10% of super-users suffer from asthma symptoms
    20% alcoholism and mental disease

    And since this is a colored ghetto . . .

    70% suffer from sucking chest wounds, multiple stabbings, blunt trauma, rape, ghetto-lobstering, overdoses and, no doubt, the occasional ninny who burned himself boiling up the water in which to cook the next YT he catches.

    • The__Bobster

      No, the boiling water is used on cheating lovers and to prepare ghetto lobster.

    • crystal evans

      Many of these people also suffer from diabetes. If it is not treated and the blood glucose level is not controlled. They are risking blindness and amputations due to gangerene.

  • Michelle Obama, specifically wife of a politician they vote for, was put in charge of “Community Relations” at UofC Hospital just so there would be a black person in upper management when they decided they needed to stop this practice and start shipping most of them to Cook County Hospital.

  • Ulick

    And then those Harlem ER users don’t pay their bills.  Rather than eating the loss, hospitals pass on the costs to the insured.  And since insurance companies don’t want to eat the cost, they raise their rates.  Ultimately, it’s you, me, and other reponsible Americans who pay for insurance that cover these trips to the ER.

    The same theory applies to shoplifting.  The lost profits from diproportionatley minority shoplifted goods are recouped in higher prices for you and me.  Lovely.

  • Long time asthma patient here.  Any human malady where the treatment requires long term consistent and timely participation and self-care on the part of the patient, blacks will have a lot of problems getting better.  Meanwhile, I had my last attack necessitating a trip to the ER at age 12.

    Incidentally, at that age, I got a new allergist.  It was then that I discovered that there was something not quite right about the medical profession.  He took me off the rescue inhaler I was taking and gave me another.  At first I thought different drug, different dosage, or something.  But when I got my first bottle of the new inhaler, I compared to to the label of my last bottle of the old inhaler, and they were exactly the same…EXCEPT for the company that made them.
    Then I realized that new doctor had all sorts of periphenelia indicative of that particular pharmaceutical around him.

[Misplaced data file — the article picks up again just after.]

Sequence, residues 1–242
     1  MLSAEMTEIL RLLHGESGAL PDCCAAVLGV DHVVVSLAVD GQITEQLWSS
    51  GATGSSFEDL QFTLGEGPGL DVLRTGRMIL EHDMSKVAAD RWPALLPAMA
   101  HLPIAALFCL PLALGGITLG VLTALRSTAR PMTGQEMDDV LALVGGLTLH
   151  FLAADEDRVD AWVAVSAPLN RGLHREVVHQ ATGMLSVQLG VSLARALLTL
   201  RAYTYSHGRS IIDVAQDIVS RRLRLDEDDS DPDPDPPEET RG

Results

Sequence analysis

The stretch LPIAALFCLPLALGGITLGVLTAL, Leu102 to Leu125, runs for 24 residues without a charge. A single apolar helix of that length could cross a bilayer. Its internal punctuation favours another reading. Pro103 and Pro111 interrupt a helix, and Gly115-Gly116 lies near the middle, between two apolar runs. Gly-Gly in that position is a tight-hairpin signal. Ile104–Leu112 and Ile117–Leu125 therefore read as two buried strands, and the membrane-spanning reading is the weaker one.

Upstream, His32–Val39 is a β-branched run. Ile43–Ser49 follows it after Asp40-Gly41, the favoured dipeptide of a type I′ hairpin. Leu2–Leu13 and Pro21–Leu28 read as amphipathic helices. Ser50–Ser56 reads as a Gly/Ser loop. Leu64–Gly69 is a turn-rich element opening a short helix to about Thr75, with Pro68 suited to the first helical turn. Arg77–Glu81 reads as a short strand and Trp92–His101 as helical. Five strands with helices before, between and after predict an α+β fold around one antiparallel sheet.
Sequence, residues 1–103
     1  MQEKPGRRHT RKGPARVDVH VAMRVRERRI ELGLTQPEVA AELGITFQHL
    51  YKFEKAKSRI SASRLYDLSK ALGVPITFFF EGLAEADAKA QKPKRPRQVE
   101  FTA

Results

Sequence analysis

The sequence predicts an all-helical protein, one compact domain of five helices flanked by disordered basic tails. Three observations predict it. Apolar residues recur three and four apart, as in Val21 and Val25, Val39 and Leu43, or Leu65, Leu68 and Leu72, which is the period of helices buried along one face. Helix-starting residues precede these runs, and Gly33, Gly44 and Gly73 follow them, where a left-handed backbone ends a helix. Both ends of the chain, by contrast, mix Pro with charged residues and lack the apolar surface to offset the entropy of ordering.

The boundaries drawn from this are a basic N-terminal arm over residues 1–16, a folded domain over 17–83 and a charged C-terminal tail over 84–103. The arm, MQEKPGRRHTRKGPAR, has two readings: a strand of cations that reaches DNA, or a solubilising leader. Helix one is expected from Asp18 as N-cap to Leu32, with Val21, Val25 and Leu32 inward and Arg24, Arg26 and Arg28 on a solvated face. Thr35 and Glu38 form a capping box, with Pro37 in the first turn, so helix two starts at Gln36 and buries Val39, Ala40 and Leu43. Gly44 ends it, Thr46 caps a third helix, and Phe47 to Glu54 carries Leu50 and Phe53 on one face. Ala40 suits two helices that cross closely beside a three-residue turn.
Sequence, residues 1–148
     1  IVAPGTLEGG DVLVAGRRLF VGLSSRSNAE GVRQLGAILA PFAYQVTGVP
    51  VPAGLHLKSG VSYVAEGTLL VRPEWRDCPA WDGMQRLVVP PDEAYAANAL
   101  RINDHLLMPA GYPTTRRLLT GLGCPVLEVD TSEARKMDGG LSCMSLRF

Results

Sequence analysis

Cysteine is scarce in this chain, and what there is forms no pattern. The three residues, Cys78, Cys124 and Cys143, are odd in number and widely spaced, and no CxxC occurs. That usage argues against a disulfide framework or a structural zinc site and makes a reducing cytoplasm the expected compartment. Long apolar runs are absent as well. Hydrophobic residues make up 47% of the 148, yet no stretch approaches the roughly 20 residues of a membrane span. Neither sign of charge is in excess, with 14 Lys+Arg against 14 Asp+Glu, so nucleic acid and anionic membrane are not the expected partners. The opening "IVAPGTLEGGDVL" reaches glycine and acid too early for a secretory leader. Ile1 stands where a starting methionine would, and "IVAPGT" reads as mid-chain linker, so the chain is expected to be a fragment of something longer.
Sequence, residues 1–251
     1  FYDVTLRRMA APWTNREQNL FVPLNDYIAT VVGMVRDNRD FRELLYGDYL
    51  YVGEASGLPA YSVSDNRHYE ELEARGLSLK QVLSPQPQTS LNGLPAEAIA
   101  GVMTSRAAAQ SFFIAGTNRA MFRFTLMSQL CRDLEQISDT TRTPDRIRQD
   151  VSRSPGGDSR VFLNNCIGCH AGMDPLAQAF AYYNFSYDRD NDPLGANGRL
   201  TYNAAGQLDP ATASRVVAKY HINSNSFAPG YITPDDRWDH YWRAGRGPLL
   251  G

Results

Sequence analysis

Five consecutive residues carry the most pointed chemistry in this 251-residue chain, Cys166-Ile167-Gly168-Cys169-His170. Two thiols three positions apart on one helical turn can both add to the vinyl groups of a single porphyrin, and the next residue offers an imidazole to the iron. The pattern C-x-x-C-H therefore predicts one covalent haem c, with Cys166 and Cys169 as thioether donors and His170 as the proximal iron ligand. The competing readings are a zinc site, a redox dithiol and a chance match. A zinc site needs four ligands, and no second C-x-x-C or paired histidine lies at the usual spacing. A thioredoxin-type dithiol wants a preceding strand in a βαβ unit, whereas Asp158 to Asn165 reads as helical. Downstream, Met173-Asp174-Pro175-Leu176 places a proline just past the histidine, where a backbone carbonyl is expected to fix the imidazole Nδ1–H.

The next time I was scheduled to see him, I had to be re-scheduled for a “prior committment.”  Turns out that “prior committment” was a golf tournament in South Florida sponsored by that same pharma.  I was so happy for him that my mother’s co-payment for that inhaler helped pay for his greens fees.

  • Canada’s system is greatly helped by having the United States as a neighbor.

    A lot of these black ER patients have both legitimate emergencies and Medicaid or the New York equivalent, so I fail to see how your argument is valid in this case.  I’m sure there are good arguments for adopting some elements of that system, but this isn’t one of them.

    I am sympathetic to the argument of extending Medicaid to illegals because it will keep them out of the ER for sniffles.  But IF and only if we take it out of their home countries’ hides.

    • John Bonham

      Come on, that would be racist ..

  • Puggg

     
    As an aside, many blacks will not question the plan of care – they ask
    no questions regarding what it is they have or why they are ill or
    what/why they are taking. I get the impression that on some level they
    have concluded they won’t understand what I’m saying so why bother.

    Maybe they think they don’t have to pay attention because they think you’re giving them magical juju beans.  When they don’t work after one or two or three doses, if it’s the condition where just one or two or three doses aren’t enough, then they think you’ve given them bad juju beans, and that you wreak at voodoo.